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Wednesday, December 07, 2005 

Institute of Medicine lays the smackdown on SpongeBob

The Institute of Medicine, an arm of the National Academy of Sciences, has gone on record saying that Food Marketing Aimed at Kids Influences Poor Nutritional Choices:

Food and beverage marketing targeted to children ages 12 and under leads them to request and consume high-calorie, low-nutrient products, says a new report from the Institute of Medicine of the National Academies. The report offers the most comprehensive review to date of the scientific evidence on the influence of food marketing on diets of children and youth.

Concern has focused on food and beverage marketing practices because of the increase in new products targeted specifically to children and youth over the past decade and the media's increasing role in socializing young people. Companies spent an estimated $10 billion to market foods, beverages, and meals to U.S. children and youth in 2004, and four of the top 10 items that children ages 8 to 12 say they can buy without parental permission are either foods or beverages.

The committee assessed hundreds of relevant studies and rigorously reviewed evidence from more than 120 of the best designed to determine what effects marketing may have on children's diets and health. Most of these studies focused only on television advertising, a shortcoming that should be addressed in future research, given that marketing strategies are rapidly evolving and now employ many tactics beyond television advertising, including Internet marketing, mobile phone ads, and product placements in video games and other media. For the most part, the committee did not have access to the substantial body of proprietary market research data held by marketing firms and food, beverage, and restaurant companies.

The committee found strong evidence that television advertising influences the food and beverage preferences and purchase requests of children ages 2 through 11 years old and affects their consumption habits, at least over the short term. Most advertising geared toward children promotes high-calorie, low-nutrient foods, beverages, and meals, which, the committee concluded, influences children to request and choose these products. There is not enough evidence to determine the extent to which marketing influences the preferences and consumption habits of 12- to 18-year-olds; too few studies have focused on teens.

The evidence on whether television advertising directly affects children's long-term dietary patterns is limited and less conclusive. However, nutrition studies show that America's children and youth are consuming too many calories and too much added sugar, fat, and salt. Moreover, they are consuming less-than-recommended amounts of many key nutrients, including calcium, vitamin E, and fiber.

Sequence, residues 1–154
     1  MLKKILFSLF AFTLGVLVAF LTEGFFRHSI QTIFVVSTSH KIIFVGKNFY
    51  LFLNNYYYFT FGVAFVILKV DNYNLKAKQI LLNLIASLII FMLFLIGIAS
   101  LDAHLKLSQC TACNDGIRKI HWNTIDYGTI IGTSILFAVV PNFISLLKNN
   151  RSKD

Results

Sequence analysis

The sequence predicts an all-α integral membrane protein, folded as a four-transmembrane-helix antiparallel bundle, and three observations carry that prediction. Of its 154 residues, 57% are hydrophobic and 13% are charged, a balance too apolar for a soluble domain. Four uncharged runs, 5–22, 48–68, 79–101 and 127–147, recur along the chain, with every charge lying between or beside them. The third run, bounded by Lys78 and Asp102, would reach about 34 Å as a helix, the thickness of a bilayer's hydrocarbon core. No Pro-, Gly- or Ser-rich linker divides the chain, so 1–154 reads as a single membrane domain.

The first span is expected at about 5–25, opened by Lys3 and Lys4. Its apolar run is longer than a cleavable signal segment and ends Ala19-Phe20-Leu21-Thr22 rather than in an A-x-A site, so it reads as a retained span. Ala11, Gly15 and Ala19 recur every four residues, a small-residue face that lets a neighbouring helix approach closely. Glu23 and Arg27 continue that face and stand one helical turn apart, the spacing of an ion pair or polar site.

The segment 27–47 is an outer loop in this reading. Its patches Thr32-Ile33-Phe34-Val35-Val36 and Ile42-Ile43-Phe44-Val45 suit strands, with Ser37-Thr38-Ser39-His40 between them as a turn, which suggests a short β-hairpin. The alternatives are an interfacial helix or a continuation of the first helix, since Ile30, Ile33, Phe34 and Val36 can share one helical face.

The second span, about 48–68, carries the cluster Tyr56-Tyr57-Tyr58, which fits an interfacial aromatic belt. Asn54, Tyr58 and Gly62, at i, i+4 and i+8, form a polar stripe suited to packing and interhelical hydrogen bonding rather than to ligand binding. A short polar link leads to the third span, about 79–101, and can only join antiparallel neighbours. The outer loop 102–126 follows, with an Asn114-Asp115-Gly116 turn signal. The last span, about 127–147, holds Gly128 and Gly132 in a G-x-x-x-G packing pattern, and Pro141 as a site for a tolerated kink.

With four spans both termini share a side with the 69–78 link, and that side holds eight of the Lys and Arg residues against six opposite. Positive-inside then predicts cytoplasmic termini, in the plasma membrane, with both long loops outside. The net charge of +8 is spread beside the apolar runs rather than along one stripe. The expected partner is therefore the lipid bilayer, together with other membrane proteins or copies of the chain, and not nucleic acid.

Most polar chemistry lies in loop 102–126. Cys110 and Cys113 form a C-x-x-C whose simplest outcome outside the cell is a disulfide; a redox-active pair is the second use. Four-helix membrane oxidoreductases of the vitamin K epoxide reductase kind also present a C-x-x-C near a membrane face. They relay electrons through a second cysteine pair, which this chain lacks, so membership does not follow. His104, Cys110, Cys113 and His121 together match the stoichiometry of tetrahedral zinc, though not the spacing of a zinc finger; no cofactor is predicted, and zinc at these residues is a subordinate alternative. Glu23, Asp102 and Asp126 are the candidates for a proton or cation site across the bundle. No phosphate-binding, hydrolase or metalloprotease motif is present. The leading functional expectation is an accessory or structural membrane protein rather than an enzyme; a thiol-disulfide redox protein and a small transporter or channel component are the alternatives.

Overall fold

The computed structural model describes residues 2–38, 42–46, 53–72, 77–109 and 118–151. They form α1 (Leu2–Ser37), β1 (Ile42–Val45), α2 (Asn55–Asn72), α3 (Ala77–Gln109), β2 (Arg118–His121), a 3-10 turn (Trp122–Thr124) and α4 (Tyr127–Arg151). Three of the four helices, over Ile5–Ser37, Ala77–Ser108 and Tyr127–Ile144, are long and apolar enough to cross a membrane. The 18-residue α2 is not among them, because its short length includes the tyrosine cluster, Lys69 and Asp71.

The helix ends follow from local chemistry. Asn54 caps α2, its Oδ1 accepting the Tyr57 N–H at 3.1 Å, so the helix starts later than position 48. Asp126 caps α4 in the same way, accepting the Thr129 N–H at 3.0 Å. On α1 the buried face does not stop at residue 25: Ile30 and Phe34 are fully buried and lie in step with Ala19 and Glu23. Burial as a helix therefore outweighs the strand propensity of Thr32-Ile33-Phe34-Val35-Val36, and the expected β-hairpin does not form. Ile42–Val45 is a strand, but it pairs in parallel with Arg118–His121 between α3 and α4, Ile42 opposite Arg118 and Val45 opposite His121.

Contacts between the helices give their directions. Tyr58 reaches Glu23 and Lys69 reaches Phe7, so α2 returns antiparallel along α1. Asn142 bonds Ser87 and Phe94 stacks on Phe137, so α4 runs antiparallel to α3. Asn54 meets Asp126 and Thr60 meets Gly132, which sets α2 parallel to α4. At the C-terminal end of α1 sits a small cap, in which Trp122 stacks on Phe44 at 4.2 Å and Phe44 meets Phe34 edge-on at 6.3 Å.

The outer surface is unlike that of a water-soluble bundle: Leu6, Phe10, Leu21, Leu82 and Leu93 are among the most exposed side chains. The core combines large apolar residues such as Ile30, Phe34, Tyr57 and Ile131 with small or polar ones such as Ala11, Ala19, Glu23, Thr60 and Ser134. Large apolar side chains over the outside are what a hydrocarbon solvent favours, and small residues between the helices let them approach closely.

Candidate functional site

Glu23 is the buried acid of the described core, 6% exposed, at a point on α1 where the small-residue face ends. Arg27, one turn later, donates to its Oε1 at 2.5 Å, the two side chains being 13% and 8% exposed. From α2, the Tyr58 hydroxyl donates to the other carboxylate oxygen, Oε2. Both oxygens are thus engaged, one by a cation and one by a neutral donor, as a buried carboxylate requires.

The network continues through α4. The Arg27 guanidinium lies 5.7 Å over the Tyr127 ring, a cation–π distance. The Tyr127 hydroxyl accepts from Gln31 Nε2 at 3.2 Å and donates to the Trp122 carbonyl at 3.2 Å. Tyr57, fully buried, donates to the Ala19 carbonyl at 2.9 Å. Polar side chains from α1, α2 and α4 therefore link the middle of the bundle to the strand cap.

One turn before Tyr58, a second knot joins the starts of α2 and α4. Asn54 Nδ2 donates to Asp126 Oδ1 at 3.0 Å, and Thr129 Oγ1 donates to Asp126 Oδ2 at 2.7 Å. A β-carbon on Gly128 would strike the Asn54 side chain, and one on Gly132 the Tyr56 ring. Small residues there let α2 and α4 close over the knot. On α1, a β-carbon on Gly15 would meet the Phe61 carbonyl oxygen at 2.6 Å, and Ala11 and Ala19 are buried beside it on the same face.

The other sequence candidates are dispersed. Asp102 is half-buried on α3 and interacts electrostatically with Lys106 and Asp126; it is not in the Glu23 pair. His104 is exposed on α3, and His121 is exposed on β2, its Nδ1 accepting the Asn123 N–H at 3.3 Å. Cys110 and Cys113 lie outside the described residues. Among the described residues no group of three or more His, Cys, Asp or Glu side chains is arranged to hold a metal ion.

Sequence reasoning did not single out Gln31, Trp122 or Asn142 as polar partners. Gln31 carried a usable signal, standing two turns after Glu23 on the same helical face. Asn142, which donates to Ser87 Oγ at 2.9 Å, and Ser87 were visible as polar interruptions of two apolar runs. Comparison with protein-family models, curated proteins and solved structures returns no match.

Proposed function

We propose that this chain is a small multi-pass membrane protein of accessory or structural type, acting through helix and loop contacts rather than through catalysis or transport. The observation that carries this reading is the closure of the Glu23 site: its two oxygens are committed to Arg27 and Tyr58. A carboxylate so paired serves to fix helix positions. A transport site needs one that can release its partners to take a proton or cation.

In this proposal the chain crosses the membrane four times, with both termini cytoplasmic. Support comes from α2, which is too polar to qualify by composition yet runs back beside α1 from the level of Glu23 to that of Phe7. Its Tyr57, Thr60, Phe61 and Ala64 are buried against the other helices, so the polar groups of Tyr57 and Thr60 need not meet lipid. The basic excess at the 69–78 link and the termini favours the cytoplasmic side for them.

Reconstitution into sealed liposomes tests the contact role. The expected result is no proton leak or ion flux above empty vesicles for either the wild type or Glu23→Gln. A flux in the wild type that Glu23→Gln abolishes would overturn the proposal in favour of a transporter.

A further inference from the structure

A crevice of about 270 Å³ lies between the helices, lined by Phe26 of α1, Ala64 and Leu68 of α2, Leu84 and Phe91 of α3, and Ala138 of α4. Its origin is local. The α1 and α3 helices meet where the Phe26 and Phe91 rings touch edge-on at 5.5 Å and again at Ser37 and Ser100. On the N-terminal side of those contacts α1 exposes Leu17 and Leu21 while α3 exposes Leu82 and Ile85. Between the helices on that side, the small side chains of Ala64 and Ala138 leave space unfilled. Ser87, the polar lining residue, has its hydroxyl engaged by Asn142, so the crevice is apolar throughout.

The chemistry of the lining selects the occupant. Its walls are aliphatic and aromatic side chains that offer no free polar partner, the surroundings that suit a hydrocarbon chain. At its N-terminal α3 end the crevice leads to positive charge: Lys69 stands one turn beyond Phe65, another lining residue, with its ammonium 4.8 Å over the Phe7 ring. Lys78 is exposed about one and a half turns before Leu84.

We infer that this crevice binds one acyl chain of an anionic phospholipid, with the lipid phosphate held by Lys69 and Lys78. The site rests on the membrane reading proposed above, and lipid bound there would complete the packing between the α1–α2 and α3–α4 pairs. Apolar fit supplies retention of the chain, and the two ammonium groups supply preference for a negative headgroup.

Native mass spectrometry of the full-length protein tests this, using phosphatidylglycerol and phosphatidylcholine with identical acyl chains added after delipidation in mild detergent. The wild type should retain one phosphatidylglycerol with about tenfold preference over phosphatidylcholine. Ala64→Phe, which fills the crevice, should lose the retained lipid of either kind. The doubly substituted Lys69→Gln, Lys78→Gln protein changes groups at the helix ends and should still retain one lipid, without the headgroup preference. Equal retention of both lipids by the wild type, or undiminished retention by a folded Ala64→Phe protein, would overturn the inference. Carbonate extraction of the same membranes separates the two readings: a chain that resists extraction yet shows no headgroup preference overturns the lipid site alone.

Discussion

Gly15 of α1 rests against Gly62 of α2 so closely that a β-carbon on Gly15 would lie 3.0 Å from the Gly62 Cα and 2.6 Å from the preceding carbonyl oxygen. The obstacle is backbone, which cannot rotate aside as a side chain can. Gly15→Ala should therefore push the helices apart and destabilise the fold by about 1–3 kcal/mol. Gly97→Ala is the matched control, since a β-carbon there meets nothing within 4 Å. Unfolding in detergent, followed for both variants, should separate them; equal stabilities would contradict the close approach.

You can find the report at this link to read all of the findings (note: it ain't free).

As a parent, I'm of a mixed opinion on this. I was still home for the Today show this morning, and the report was discussed, saying that pressure would be put on companies first to stop this kind of marketing, and if that failed, the legislature may very well take up the issue. Even as a public health professional, though, I think the bulk of the responsibility lies with the parents, not the government, to help our kids make smart choices. My kids are age (almost) 6 and 3 1/2, and of course they'd rather eat SpongeBob cereal than, say, Raisin Bran, or have a Barbie pop tart as a snack instead of a banana. But how much blame lies with the parents for buying the junk food in the first place (even if we're cajoled into it by our kids)?

There are lots of parents out there who absolutely ban "junk food" from their homes. I can understand that--it's not healthy, it's mainly empty calories, whole grains are better. But I don't know that's the way to go either--you're not teaching your children about temptation and smart choices, you're simply shielding them from it.

I don't know what the right answers are. My kids generally eat healthy. My husband or I cook something homemade almost every night. We try to limit the processed foods as much as possible, and my kids generally drink milk or water, with the occasional juice. But we do have "junk" around the house, and our kids definitely love cookies and potato chips and ice cream. I don't think that's necessarily a bad thing--even if it's junk food being marketed by Dora the Explorer and Shrek. I respect the IoM's work and trust their conclusions, but I wonder that the wrong things are going to come out of this--more regulation by the government, without a coincident increase in concern by parents.


About me

  • I'm Tara C. Smith
  • From Iowa, United States
  • I'm a mom and a scientist, your basic stressed-out, wanna-have-it-all-and-do-it-all Gen Xer. Recently transplanted from Ohio to Iowa, I've spent most of my life in the midwest (with 4 years of college spent out east in "soda" territory). My main interest, and the subject of my research, is infectious disease: how does the microbe cause illness? What makes one strain nasty, and another "avirulent?" Are the latter really not causing any disease, or could some of those be possible for the development of chronic disease years down the road? Additionally, I've spent a lot of time discussing the value of teaching evolution, and educating others about "intelligent design" and other forms of creationism. My interest in history of science and medicine is also useful as a way to tie all of the above interests together. [Disclaimer: the views here are solely my own, and do not represent my employer, my spouse, that guy who's always sitting by the fountain when I come into work, or anyone else with whom I may be remotely affiliated.]
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